Published: Thu, December 06, 2018
Science | By

SpaceX set to send cargo to space station

SpaceX set to send cargo to space station

The disappointment was offset by the successful flight of the Dragon capsule and its 2500kg of cargo. The booster toppled over but remained afloat, and SpaceX was sending out boats to tow the stage back to the harbor at neighboring Port Canaveral. SpaceX plans to land the new Falcon 9 booster back at Cape Canaveral a few minutes after launch, the first onshore landing since the Falcon Heavy launch in February.

Wednesday's Falcon rocket was brand new, while the Dragon cargo carrier was recycled by SpaceX.

Remarkably, the rocket stabilized and was able to land in water as opposed to crashing and possibly exploding on land.

It's been a busy time for Elon Musk and SpaceX, lately. Although it is nearly without a doubt too early to actually know if the booster is in good enough condition to ever fly again, Musk seemed to directly suggest that it could eventually relaunch in support of an "internal SpaceX mission", basically either Starlink or tech development. That mission will feature a droneship landing, like several previous Iridium launches.

"Ships en route to rescue Falcon", he tweeted. Twenty years ago this week, Cabana commanded the shuttle mission that carried up the first US part of the space station.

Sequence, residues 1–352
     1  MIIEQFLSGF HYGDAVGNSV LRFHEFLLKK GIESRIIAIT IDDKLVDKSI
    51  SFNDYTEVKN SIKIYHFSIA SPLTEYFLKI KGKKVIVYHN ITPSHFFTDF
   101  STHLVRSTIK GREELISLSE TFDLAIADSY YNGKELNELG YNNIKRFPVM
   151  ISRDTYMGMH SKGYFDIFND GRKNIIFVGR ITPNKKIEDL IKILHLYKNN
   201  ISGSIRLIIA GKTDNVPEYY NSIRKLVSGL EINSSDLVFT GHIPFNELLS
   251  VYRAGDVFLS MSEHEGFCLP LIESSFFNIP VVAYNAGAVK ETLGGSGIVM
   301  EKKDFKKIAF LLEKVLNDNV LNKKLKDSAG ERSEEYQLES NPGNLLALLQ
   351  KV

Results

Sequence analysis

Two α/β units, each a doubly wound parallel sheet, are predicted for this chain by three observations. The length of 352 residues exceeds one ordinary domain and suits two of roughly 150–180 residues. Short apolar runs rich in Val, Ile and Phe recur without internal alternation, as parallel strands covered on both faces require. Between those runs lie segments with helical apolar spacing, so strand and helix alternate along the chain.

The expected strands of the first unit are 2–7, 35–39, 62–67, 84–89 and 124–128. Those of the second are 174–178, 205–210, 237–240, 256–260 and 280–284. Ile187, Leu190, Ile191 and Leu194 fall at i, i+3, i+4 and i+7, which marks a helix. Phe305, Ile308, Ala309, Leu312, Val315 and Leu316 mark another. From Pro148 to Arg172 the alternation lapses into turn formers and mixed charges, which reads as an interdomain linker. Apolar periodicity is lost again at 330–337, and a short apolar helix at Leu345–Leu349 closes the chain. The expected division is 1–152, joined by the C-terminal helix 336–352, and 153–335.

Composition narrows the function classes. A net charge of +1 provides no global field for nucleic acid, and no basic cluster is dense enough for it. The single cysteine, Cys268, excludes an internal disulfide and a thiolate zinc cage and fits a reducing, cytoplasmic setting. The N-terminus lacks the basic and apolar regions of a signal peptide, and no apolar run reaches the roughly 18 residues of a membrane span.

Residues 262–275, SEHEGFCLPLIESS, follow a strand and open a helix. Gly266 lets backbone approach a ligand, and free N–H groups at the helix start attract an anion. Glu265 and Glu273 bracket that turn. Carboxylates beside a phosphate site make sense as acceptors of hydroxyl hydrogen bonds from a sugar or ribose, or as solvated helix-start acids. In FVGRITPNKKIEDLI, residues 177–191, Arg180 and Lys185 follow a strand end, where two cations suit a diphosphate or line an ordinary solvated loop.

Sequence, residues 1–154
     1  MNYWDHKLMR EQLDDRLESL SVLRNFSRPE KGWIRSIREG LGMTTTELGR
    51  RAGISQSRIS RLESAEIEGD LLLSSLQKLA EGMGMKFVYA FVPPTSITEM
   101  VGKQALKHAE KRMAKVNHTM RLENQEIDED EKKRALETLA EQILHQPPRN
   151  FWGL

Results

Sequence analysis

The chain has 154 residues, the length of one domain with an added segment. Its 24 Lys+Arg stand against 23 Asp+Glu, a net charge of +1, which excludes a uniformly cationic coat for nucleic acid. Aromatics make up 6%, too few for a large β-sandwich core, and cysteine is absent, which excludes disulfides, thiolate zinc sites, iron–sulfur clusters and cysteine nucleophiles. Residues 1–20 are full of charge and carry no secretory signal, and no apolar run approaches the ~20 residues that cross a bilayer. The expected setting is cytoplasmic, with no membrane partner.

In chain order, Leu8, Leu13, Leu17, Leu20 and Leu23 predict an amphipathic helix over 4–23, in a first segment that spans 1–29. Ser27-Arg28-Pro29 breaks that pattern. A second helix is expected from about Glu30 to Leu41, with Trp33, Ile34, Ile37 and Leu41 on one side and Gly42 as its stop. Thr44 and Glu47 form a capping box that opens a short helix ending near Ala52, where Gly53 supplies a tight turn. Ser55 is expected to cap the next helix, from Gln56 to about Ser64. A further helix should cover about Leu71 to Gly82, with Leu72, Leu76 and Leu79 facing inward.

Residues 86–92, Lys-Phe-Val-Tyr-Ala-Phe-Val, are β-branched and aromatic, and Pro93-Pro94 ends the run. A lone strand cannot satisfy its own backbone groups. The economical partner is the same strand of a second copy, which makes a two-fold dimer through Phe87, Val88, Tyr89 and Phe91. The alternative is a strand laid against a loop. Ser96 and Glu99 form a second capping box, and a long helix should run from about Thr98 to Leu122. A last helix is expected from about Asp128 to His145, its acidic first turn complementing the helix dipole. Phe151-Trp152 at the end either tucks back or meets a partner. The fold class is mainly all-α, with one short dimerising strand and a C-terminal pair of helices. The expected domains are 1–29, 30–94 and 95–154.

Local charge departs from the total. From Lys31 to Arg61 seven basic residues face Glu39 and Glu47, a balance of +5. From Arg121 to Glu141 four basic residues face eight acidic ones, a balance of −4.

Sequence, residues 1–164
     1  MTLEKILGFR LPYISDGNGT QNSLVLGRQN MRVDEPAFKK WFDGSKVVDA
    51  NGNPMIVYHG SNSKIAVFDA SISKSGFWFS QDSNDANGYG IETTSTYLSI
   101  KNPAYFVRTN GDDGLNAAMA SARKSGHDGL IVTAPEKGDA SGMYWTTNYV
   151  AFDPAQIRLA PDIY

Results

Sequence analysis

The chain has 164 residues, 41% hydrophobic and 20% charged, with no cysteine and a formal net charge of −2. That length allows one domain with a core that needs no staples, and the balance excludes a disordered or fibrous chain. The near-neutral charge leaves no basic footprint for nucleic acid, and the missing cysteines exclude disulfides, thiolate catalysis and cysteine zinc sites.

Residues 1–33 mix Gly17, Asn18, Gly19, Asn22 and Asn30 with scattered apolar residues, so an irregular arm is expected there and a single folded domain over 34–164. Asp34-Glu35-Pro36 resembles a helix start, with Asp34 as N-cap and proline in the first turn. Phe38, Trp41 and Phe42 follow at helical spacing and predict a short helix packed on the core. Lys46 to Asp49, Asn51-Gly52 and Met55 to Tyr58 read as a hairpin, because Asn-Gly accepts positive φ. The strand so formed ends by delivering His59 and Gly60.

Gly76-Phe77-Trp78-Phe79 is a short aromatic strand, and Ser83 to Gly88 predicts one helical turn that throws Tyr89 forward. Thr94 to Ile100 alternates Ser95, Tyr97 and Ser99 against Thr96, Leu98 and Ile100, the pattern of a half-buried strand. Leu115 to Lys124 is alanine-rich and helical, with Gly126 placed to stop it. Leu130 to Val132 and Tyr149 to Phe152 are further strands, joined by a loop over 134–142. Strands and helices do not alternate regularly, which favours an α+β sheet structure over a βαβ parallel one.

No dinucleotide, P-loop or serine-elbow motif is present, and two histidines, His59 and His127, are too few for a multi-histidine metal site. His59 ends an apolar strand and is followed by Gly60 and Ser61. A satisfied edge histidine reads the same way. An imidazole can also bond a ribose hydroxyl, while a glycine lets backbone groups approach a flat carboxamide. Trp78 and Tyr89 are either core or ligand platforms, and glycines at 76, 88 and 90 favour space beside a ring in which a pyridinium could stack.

Just two days earlier, three astronauts arrived at the space station to join the three already there.

Besides smoked turkey breast and all the other fixings for Christmas dinner, the delivery includes 40 mice and 36,000 worms for ageing and muscle studies.


Thousands of worms have been fired into space so that scientists can learn how their muscles work in zero gravity. It turns out their muscles are similar to ours in structure and function, making them flawless lab substitutes, said lead scientist Timothy Etheridge of the University of Exeter in England. More food was rushed in from California.

The launch was delayed for a day because of a problem with food for the mice.

Anne McClain, an American who studied at Bath and Bristol universities, and Canadian David Saint-Jacques, who studied at Cambridge University, launched from Kazakhstan in a Russian Soyuz on Monday.

Musk also posted the video of the first stage's descent, which showed it spinning as it fell to Earth, how its spin rate was slowly arrested with correctional thrusts, and how it touched down on the ocean and fell sideways into the water.

Watch on NASA TV below, or at NASA's website, or via SpaceX's own webcast.

Today's launch marked the second flight for this particular Dragon capsule, which was flown to the space station and back a year ago.

Like this: